Is this London’s smallest alley? Squeeze down Brydges Place in Covent Garden

The history of the 200 yard alley Brydges Place.

Brydges Place © Memoirs Of A Metro Girl 2017

Blink and you’ll miss it! Brydges Place is claimed to be the narrowest alley in London

One thing I love about London is how many little lanes and alleys survive from Victorian or Georgian times (or even older). Despite the constant redevelopment and reconstruction of the ever-evolving capital, some of these tiny thoroughfares remain today as handy shortcuts for those in the know.

Located off St Martin’s Lane in the heart of the West End is a tiny blink-and-you’ll-miss-it alley named Brydges Place. With its western entrance sandwiched between the Coliseum theatre and Notes coffee shop at No.31, it’s claimed to be the narrowest alley in London. It runs for about 200 yards east, linking St Martin’s to Bedfordbury and is believed to be just 15 inches wide at its thinnest point – no passing room there! Along the alley, you’re likely to find punters from the Marquis pub or the Two Brydges members’ club smoking or enjoying an alfresco drink.

Brydges Place © Memoirs Of A Metro Girl 2017

At its narrowest point, Brydges Place is said to be 15 inches wide

St Martin’s Lane is named after St Martin-in-the-Fields church on the north-east corner of Trafalgar Square. The church has been on the site since Medieval times, when much of the current West End area was countryside. The road itself was in existence for many years, a simple country lane linking St Martin to St. Giles-in-the-Fields church half a mile north. In the early 17th century, building started on both sides of the lane, with Francis Russell, the 4th Earl of Bedford (1593-1641) on the east, transforming Covent Garden into what we know today with the construction of the Piazza and St Paul’s church. During this time, Bedfordbury was established running parallel to St Martin’s Lane, with several alleys linking the two roads. Some of the alleys – Hops Garden, Goodwin’s Court and May Court – still exist today.

By the late 19th century, the area around Bedfordbury had fallen into squalor, garnering attention from the Metropolitan Board of Works. The board’s report described some of the courts as less than 4ft wide and featuring many dilapidated houses featuring residents living in severe poverty. In 1880, the houses to the east of Bedfordbury were demolished and Chandos Street was widened.

So this is where we come to Brydges Place. One of many alleys linking St Martin’s and Bedfordbury, Brydges Place is the furthest south – ending near the junction of Chandos Place and Bedfordbury. There’s been an alley roughly on the site since the 17th century. It was first called Dawson’s Alley – supposedly named after William Dawson, a joiner and early lessee of some of the land. At one point, it was said to have been renamed Turners Court in the early 19th century. However in a map from 1868, Turners Court is situated further north of the existing Brydges Place, which was then known as Taylor’s Yard or Taylor’s Buildings. By 1872, Turners Court had vanished altogether, while Taylor’s Yard/Buildings remains on the map for some years after.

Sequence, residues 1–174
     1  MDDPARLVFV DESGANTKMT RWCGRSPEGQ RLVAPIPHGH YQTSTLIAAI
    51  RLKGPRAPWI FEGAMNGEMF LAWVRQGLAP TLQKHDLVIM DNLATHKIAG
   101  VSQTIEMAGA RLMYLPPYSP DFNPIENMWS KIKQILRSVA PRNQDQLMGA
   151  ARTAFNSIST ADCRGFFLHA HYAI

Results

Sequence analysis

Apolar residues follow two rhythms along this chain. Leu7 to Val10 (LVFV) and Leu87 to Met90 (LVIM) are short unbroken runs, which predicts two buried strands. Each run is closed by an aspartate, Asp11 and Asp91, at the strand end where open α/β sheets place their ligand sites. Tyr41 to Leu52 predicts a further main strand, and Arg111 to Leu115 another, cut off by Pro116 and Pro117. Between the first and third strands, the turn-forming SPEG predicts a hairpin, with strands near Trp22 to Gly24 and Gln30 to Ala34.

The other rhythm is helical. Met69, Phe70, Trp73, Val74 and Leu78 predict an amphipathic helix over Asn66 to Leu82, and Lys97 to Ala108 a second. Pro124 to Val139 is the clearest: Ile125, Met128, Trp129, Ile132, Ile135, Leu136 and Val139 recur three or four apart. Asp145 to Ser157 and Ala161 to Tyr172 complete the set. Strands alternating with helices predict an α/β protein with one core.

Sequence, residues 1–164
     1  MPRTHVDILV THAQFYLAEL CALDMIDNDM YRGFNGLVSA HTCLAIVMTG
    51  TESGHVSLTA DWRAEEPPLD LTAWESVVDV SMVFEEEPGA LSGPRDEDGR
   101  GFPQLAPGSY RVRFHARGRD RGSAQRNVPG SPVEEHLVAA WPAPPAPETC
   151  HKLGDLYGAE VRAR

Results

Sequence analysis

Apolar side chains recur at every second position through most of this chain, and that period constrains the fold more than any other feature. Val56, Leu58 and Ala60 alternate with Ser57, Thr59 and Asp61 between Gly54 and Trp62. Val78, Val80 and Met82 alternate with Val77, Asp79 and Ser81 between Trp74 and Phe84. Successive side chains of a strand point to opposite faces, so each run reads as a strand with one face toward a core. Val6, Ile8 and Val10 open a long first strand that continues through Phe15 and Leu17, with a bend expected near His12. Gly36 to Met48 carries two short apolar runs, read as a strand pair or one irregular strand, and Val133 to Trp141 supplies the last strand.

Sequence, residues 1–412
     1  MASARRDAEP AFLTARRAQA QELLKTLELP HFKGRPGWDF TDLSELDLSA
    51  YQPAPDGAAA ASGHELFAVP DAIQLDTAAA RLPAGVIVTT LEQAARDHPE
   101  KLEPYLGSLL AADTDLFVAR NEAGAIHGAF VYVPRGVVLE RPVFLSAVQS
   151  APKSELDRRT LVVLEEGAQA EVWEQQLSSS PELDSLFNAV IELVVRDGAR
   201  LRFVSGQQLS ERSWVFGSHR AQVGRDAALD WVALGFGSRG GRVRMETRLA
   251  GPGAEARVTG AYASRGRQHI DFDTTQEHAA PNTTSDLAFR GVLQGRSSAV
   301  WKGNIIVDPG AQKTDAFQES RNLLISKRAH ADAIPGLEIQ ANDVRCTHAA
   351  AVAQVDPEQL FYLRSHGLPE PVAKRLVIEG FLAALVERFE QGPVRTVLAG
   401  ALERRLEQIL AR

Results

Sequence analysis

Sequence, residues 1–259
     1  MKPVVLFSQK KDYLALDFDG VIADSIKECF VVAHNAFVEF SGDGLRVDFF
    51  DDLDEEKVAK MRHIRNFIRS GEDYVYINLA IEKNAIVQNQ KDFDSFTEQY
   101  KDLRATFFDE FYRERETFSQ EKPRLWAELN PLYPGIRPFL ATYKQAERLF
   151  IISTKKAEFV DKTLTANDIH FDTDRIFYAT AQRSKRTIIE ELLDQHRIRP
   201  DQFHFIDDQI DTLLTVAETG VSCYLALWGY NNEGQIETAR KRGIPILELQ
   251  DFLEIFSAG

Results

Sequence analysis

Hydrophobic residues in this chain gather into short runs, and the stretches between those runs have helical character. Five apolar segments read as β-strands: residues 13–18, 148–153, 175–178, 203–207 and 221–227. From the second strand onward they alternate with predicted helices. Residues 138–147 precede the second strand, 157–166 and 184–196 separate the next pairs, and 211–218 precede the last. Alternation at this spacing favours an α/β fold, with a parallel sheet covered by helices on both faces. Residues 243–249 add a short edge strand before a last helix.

Around Covent Garden, many of the street names are named after members of the Bedford family, who owned the Covent Garden estate between the 16th century and 1913. Examples include Bedford Street, Bedfordbury, Chandos Place and Brydges Place – named after the 4th Earl’s wife Catherine Brydges (1580-1657/8), daughter of Giles Brydges, 3rd Baron Chandos (1548-1594) – the likely inspiration for Chandos Place. The alley became known as Brydges Place at some point in the late 19th century. Previously part of Catherine Street (off Aldwych) had been known as Brydges Street until 1872 when it was renamed after the Queen. Today, the alley you seen is somewhat altered from its original state thanks to the construction of the London Coliseum, which opened in 1904. Its high wall dominates most of the alley’s north side. Meanwhile, the south side features various back doors to various establishments and businesses. No.31 St Martin’s Lane at the west entrance of the alley is the oldest house on the road and is Grade II listed, dating back to the 17th century. On the ground floor is a branch of Notes coffee shop, with flats on the upper storeys.

  • Brydges Place, Covent Garden, WC2N. Nearest stations: Charing Cross, Covent Garden or Leicester Square.


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About Metro Girl

Media professional who was born, brought up and works in London. My blog is a guide to London - what's on, festivals, history, reviews and attractions. All images on my blog are © Memoirs Of A Metro Girl, unless otherwise specified. Do not use without seeking permission first.

Posted on 21 Feb 2017, in History, London and tagged . Bookmark the permalink. 1 Comment.

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